We treat our orchards like the precious asset they are, striving to conserve resources, eliminate waste, and minimize environmental impact.
Zero-Waste Orchard Recycling
Treehouse employs an advanced, zero-waste solution – Whole Orchard Recycling – to address almond orchards that have reached the end of their productive lives. With this solution, aging almond trees are pushed over, ground into chips, and then reincorporated into the topsoil. Whole Orchard Recycling helps to enrich the soil, conserve water and sequester carbon.
Treehouse raises bee-health awareness and partners with growers who protect pollinators through sustainable agricultural practices.
Integrated Pest Management
We don’t spray during the days when bees are flying. We do this at night.
Well-Fed Bees Flourish
We provide bees with fresh water and diverse pollen as food (3% cover crop and hedgerows).
Through our membership in the Pollinator Partnership, our orchards are Bee-Friendly certified.
We strive to manage our water use in ways that preserve this natural resource, while also helping to reduce the demand for water-intensive crops and materials. Treehouse also takes care to use a minimal amount of water in all of its almond processing facilities.
- Our almond husks serve as livestock feed, which reduces reliance on water-intensive feed crops like alfalfa and silage corn.
- We seek out almond growers who employ advanced drip-irrigation and monitoring technologies to conserve water.
- Our growers are investing in soil health practices that increase water-holding capacity and ultimately reduce water dependency in almond growing.
Almond Stewardship Platform
Treehouse has more than 35,000 acres of its almond orchards enrolled in the California Almond Stewardship Platform (CASP) program. Led by the Almond Board of California, CASP uses production information submitted by growers to illuminate the sustainability of the almond industry to a range of stakeholders.
Treehouse’s participation in CASP is helping all California almond growers to enhance their practices while uncovering inefficiencies that hinder progress.
Treehouse devotes itself to helping California’s almond growers make the transition to achieve greater organic almond output from their orchards. Our teams provide guidance on organic farming techniques and share information about the market and sustainability advantages that organic production can provide.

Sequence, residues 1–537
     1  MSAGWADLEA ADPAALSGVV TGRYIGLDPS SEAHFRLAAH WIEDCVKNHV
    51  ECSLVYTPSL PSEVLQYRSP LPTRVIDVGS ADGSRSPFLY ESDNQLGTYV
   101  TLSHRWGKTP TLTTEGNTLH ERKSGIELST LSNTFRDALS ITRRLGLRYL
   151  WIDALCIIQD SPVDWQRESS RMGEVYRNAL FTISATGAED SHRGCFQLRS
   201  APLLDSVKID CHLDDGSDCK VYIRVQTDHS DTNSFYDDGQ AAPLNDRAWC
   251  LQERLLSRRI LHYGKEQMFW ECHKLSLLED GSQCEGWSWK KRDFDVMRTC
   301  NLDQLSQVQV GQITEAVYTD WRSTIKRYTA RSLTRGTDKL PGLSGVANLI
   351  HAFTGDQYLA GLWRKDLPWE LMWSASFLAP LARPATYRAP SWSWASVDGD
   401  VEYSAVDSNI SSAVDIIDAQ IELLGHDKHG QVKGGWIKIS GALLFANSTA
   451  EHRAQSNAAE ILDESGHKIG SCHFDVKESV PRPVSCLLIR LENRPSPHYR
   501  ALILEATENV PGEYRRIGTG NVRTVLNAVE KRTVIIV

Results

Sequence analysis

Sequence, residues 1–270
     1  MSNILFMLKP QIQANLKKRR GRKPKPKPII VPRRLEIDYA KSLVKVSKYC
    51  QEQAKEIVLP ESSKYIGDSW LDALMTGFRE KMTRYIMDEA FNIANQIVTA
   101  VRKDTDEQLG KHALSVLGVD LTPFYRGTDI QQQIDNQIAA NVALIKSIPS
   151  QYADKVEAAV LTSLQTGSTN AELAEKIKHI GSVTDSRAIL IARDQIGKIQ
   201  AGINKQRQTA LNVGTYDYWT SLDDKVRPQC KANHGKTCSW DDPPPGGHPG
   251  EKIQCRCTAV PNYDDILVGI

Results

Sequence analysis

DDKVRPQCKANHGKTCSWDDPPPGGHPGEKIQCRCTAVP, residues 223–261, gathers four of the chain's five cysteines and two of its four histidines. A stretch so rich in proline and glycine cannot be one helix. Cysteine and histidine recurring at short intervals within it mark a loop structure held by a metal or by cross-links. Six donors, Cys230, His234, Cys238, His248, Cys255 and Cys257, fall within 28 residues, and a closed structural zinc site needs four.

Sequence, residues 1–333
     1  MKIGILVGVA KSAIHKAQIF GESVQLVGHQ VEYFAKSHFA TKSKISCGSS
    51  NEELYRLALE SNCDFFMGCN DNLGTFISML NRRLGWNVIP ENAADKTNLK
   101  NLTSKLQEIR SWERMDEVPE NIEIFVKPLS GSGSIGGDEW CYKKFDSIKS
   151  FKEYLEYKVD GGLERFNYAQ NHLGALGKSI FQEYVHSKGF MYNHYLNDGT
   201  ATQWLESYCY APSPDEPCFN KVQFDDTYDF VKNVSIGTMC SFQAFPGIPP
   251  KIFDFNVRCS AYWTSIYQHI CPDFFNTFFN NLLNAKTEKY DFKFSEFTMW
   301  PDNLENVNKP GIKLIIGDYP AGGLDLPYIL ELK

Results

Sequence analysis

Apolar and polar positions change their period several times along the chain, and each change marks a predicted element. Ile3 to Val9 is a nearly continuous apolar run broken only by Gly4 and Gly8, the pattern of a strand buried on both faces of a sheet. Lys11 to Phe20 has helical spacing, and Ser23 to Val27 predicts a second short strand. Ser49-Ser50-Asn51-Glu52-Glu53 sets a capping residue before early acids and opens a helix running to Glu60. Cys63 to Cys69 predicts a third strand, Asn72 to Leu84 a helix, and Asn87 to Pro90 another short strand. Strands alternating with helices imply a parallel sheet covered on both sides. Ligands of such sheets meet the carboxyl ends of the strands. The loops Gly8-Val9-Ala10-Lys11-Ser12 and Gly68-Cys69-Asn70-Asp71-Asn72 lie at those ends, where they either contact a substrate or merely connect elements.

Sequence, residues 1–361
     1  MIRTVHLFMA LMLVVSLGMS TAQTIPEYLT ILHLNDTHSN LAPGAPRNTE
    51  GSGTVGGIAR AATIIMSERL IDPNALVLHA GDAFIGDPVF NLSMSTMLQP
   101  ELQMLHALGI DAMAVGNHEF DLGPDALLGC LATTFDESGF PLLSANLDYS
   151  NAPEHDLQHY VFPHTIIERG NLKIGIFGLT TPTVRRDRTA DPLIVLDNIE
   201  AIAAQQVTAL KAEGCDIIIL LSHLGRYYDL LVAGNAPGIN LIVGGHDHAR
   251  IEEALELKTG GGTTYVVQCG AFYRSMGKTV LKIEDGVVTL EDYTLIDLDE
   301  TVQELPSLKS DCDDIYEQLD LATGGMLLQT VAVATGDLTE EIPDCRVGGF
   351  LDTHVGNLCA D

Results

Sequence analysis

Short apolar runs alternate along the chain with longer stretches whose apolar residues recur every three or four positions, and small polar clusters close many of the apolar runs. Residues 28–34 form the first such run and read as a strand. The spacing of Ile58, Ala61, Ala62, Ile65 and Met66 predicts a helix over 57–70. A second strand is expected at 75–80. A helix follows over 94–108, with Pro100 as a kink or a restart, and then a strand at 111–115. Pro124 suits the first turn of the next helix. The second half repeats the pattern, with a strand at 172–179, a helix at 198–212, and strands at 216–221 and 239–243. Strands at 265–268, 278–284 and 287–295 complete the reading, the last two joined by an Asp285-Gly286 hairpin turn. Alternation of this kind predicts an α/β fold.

Enhancing traceability of almond crops
Creating greater product transparency
Embracing sustainable almond farming practices
I’m proud to have farmed with the Gardiner Family for 25 years, and have even become a partner on their almond farm. As a first-generation Mexican-American, I appreciate the opportunities that the Gardiners and Treehouse provided me and my family as I built my career in this rewarding industry.
Enhancing Soil Health
We embrace practices that seek to improve natural soil biology and fertility, sequester carbon, conserve water, prevent erosion, and increase biodiversity and soil organic matter. These practices include:
- Planting multi-species cover crop
- Integrating animals in orchards
- Increasing compost application
- Employing soil health-focused management principles
- Engaging in other practices to build ecosystem health.
Solar Power in the Fields
Treehouse has been innovating in the sustainability area for many decades.
In 1993, we were among the first California almond producers to install micro-drip equipment for tree irrigation, and in 2002 we invested in solar installations to power that equipment. Today, we use only solar energy for these watering processes, an approach that is both cost-efficient and better for the environment.
Seeking Carbon Neutrality
Researchers at the University of California-Davis released a Life Cycle Assessment (LCA) in 2015 that showed how reusing co-products from almond production and harvesting can play an important role in reducing the industry’s environmental impact and further reducing carbon emissions.
The research demonstrated that almond trees accumulate and store significant amounts of carbon, and suggested that the almond industry is progressing toward becoming carbon neutral – or even carbon negative – with respect to greenhouse gasses (GHG).
Get in Touch
We know you have questions. Please take a moment to contact us. We love to talk about ourselves.